With foam egg cartons, I'll cut around the two indentions in the top of the carton and save these little "traffic cones." Norah uses them with her toy cars or as the base for paper puppet she makes out of card stock, so the figurines will stand on their own. I'll also cut the twelve foam cups apart and store them stacked together in a gallon zip lock. Norah likes to use the separate egg sections for counting or to make the shapes of letters and numbers on the floor, etc.

Tissue Paper
I reuse colored tissue paper when wrapping birthday gifts or let Norah cut it up for various crafts like decoupage.'

Box Tops for Education
I don't have any official place to donate them, because Norah doesn't go to school anywhere. But, I collect them anyway. I've heard that home school cooperative groups will use them, so if we ever become involved in a group like that, I'll pass them along then.

We have hundreds of buttons. Most have come one or two at a time with the purchase of new pants, jackets or shirts. But, right now, I am cutting up Dwayne's old plaid shirts to use in a quilt, so from each of those, I'll get ten to twelve more. Norah just loves playing with buttons and her home school lessons often require ten or more at a time for math exercises or one or two for educational game pieces.

Tiny Ziplocks
These are the little bags that hold the aforementioned extra buttons attached to new clothes. I think I must have fifty of these. They're just so cute.

Various "Doodads"
A wine bottle cork that I imagine I will need for a science demonstration one day, little metal springs of different sizes from the insides of broken ink pens, key rings, glass marbles, safety pins...

Natural Objects
Norah has collected a feather, an acorn and a pine cone, so far.

We'll bring home rocks from hikes or vacations that have cool shapes, colors or textures.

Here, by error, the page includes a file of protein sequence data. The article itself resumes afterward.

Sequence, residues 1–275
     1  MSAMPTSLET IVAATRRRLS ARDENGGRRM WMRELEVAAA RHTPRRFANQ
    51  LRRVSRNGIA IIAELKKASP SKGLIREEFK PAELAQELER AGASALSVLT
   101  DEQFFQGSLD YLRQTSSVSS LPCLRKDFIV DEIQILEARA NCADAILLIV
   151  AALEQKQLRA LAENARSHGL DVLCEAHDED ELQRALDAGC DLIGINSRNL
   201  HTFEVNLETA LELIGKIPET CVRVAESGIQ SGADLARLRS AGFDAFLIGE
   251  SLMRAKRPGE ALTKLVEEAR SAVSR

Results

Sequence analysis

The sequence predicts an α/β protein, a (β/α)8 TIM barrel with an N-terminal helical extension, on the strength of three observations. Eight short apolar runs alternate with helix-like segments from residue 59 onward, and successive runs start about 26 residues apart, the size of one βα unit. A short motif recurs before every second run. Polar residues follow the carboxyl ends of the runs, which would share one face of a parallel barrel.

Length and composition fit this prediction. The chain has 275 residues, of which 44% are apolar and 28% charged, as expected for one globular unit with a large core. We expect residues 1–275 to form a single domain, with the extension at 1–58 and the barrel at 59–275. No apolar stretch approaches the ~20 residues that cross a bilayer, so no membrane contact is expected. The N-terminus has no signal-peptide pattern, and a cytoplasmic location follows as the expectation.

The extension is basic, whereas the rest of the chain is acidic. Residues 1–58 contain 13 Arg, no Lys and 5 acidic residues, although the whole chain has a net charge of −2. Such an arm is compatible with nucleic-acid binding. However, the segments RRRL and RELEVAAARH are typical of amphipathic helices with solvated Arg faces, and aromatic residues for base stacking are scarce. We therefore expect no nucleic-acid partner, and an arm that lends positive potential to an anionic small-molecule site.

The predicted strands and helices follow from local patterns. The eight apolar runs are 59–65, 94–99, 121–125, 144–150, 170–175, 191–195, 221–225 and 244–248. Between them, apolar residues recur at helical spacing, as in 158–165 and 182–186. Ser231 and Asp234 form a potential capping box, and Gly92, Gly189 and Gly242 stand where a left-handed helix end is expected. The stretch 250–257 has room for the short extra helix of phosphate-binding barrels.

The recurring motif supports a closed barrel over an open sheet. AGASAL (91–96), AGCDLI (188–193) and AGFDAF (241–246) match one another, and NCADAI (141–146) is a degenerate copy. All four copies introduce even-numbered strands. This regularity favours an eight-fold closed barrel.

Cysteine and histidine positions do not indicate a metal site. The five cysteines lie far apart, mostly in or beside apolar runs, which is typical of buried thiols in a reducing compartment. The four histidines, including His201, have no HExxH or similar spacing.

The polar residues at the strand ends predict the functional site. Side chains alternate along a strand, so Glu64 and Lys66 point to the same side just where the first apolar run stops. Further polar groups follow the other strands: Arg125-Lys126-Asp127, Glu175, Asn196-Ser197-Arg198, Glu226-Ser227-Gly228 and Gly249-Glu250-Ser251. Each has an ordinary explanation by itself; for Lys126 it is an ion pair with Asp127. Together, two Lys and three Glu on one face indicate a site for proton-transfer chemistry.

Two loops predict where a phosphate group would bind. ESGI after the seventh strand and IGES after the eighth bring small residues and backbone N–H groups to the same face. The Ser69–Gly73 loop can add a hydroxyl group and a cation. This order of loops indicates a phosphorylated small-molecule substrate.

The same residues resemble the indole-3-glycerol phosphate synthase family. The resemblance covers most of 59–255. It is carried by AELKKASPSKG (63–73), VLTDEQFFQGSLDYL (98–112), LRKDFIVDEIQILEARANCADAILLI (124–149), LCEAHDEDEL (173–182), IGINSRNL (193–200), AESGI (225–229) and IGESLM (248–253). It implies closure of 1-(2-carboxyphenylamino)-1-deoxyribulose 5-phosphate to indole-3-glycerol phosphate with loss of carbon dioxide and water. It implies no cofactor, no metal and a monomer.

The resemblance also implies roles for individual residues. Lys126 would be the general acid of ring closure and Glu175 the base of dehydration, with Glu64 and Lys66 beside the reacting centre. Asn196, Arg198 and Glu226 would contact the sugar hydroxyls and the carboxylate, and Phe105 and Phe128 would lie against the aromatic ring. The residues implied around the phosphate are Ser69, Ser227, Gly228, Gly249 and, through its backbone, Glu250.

Sea Shells
Shells we collect from our trips to the beach.

Plastic Cups
The kind you get with kids meals at formal restaurants. Norah has never really been interested in bath toys, but we have a tower of about thirty plastic cups on the side of the tub and she plays with every one of them at every bath.

For collages. We store them in a huge Tupperware in the laundry/ storage room downstairs. Norah likes to cut and paste. I've given her a letter and she has a good time finding pictures that start with that sound.

You wouldn't believe how often Norah's curriculum calls for things like the ones I've listed above. One time, I needed an empty pill bottle, of all things, to make a music shaker. So, now I save pill bottles, too. The other day, I needed a lid, but it had to be a certain size and depth once turned over, so it would hold a puddle of liquid glue and a certain sized sponge. As much as I love Bob Jones K4, some of the things they ask moms to produce or collect so kids can do every activity in the lessons drive me crazy. But, I have learned how to improvise, which I think is good. I have to think much harder before I throw any little thing away these days. I am sure these collections of mine and the satisfaction I get from seeing them grow also point to something that was lacking in my childhood. Don't they always?